Warning Signs of Depression
Bipolar disorder is a mental illness characterized by periods of mania or hypomania, and depressive episodes. Manic episodes can be very tiring and detrimental to your mental health, and can often lead to feelings of depression afterwards as you struggle to cope with the outcome of what has happened.
Depression in bipolar can be different to a standard depressive illness as you may draw comparisons to your periods of normalcy hypomanic episodes, and begin to feel hopeless that you will never feel positive emotions again. You may feel as though things are never going to improve, or that you are destined to repeat this circle forever.
Depression can almost feel like the hangover to mania – an awful feeling where you take stock of your finances, what you did, and what you need to do to repair the damage done.
Symptoms of Depression in Bipolar
There are many warning signs of depression in bipolar, some of which include (but are not limited to):
- A lack of energy – you may feel more tired, and begin to sleep more, especially during the day
- Alternatively you may not be able to sleep at all, even if you are very tired and exhausted
- You may be more prone to self-destructive behaviour, and may self-harm by cutting yourself or other ways
- You may have suicidal thoughts, or exhibit behaviours such as hoarding medication or giving away possessions to loved ones
- You may feel guilty, even though there is nothing for you to feel guilty about
- If you are at school or university, you may notice a drop in your grades, and if you are in work your performance may be impacted
- You may notice a change in your appetite, and following this a change in your weight
Symptoms of Depression in Bipolar
- You may lack interest in your normal activities, and begin to spend more time inside
- You may have outbursts of anger, or fits of crying as you are overcome with emotions that you may have difficulty processing
- You may feel numb, and as if you do not have any emotions at all
- You may be more irritable, and find you have less tolerance with those around you
- You may withdraw socially, preferring to spend time alone rather than with friends and family
- You may feel apathetic and hopeless, as if there is nothing to aim for in the future
- You may become anxious and panicky
- You may move slower, and even begin to talk slowly
- You may find it difficult to make decisions, as you may feel as though you are thinking through a fog
Coping with Depression
Depression is an incredibly difficult thing to go through, and something that should not be fought alone. There are many things you can do in order to give yourself the best chance of feeling better, and talking to those around you is a key factor. Reaching out to loved ones can not only help lessen the load of what you are feeling, it can help explain to them why you might be acting the way you are. Your friends and family are there to support you and to try and make sure you have the best prognosis.
Another way in which you might be able to alleviate the symptoms of depression is by discussing the way you are feeling with a medical professional. Whether it is a therapist, a psychiatrist, a psychologist or someone else, these sorts of people are trained to help those in situations similar to yours, and can provide valuable support and advice.
If your symptoms worsen they can provide more structured support, and if medication is necessary then this can be monitored. Medication is a difficult subject at times, as someone might feel they have been defeated if they use medication, however this is not the case. Depression and depressive episodes are caused by chemical imbalances in the brain, and medication is used to rectify this and help with the symptoms.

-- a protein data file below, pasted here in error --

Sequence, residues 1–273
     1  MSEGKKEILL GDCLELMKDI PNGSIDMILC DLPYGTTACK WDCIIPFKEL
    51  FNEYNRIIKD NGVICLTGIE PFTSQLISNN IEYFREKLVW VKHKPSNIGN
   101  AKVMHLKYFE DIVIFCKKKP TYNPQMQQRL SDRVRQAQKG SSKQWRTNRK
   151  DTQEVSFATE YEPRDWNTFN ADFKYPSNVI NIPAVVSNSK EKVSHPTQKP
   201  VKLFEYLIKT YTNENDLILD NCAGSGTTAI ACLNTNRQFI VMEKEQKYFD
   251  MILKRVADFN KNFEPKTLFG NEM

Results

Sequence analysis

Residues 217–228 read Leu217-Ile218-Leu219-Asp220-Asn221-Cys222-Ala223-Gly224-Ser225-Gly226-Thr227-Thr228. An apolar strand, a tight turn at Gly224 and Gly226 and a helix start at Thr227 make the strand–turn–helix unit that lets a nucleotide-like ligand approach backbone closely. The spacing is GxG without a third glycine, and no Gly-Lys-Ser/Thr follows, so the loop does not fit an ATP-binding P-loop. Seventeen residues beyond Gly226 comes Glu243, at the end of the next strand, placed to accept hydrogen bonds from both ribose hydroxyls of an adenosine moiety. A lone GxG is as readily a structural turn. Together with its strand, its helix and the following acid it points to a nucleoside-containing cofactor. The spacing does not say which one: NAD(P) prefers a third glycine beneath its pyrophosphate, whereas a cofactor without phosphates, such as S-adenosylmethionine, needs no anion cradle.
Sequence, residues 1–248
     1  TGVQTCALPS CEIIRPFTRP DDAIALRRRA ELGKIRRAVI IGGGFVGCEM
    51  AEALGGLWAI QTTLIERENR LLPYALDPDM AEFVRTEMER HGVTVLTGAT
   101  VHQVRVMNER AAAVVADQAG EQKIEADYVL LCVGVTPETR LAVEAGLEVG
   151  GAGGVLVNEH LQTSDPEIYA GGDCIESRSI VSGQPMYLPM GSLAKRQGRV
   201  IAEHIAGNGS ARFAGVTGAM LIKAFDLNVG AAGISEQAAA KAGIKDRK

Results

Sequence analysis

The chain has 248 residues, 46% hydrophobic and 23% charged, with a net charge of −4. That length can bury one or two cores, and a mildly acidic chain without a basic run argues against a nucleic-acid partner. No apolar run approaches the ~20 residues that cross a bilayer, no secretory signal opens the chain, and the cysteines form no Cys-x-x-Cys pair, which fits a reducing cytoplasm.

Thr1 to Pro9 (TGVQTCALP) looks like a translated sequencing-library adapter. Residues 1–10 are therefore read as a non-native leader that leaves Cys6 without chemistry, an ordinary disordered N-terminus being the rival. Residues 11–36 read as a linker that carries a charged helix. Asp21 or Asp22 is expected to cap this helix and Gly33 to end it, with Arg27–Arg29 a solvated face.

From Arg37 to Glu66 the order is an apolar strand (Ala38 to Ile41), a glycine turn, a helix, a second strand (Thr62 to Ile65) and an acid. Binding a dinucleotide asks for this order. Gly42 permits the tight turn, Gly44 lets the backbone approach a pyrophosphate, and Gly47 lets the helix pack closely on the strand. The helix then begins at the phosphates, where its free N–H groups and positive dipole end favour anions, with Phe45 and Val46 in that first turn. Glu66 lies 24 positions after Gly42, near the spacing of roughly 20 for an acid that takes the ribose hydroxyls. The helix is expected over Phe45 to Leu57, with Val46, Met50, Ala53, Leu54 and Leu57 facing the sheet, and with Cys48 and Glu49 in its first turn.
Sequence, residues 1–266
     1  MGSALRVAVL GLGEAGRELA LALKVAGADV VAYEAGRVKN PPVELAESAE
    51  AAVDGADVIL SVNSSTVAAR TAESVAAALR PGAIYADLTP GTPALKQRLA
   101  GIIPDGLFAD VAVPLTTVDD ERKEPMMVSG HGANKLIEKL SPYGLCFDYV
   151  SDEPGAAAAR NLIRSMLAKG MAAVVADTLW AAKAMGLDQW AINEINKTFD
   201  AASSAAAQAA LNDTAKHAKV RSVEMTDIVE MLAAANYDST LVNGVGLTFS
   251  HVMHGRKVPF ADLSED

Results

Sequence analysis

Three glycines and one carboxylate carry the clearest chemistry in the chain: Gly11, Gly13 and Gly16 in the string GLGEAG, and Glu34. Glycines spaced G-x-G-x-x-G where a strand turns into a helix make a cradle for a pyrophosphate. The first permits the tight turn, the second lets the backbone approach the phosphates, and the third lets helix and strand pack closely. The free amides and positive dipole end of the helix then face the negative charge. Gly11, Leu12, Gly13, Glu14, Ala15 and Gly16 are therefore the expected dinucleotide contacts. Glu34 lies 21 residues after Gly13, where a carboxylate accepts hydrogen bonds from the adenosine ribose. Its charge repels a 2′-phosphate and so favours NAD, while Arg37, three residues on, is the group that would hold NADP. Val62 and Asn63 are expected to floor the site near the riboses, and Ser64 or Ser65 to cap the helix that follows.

Coping with Depression
Keeping a diary of your moods might help to track them as it provides a visual reminder, and may also help you find out if there are any triggers for a depressive episode. Try using a scale of -5 to +5, with the low end being severely depressed, and the top end being highly manic. Under each numerical score, write a few bullet points as to what happened that day, how you were feeling, and anything that might have stressed you out. If you wanted, you could also keep a more detailed journal to give yourself a creative outlet to relieve the how you are feeling.
Creative outlets can be a valuable resource in helping to lessen feelings of depression and sadness, and it is worth a try in seeing how these could work out for you. If you play an instrument this could be one way of accessing creativity, alternatively you could try writing poetry, or drawing.
While it is vital to maintain a good sleep regime if you have bipolar disorder, try not to give in to the sleep urges that come with depression too much, as this could result in you feeling worse. Try and stick to a routine, and always have some structure to your day.
If you get urges to hurt yourself, try distracting methods such as running ice cubes along your arms, scribbling on paper, or going for a run.
Quiet time spent with yourself is valuable in helping you to recoup your thoughts and strengthening your mind. Even five minutes spent going through your thoughts can help, and will allow you to notice ways in which to think about your feelings differently. If you are religious then this can be a valuable asset in strengthening your feelings, and if you are not spiritual then you could try something like yoga or tai chi.
Depression can feel like there is no end in sight, or that there is no way out of the way you are feeling, but try and remember that with the right amount of help and by reaching out to your family and friends, you can overcome the way you are feeling.
Remember that if feelings become too overwhelming, or you begin to feel as though you cannot cope, that contacting medical professionals is the best route to go down as they can guide you in how best to look after yourself.